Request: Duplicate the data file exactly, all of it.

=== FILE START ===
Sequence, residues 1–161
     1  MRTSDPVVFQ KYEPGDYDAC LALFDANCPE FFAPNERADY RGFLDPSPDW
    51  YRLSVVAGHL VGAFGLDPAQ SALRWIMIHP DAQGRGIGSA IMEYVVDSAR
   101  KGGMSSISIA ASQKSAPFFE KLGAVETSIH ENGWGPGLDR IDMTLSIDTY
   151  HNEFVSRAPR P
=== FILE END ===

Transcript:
Sequence, residues 1–161
     1  MRTSDPVVFQ KYEPGDYDAC LALFDANCPE FFAPNERADY RGFLDPSPDW
    51  YRLSVVAGHL VGAFGLDPAQ SALRWIMIHP DAQGRGIGSA IMEYVVDSAR
   101  KGGMSSISIA ASQKSAPFFE KLGAVETSIH ENGWGPGLDR IDMTLSIDTY
   151  HNEFVSRAPR P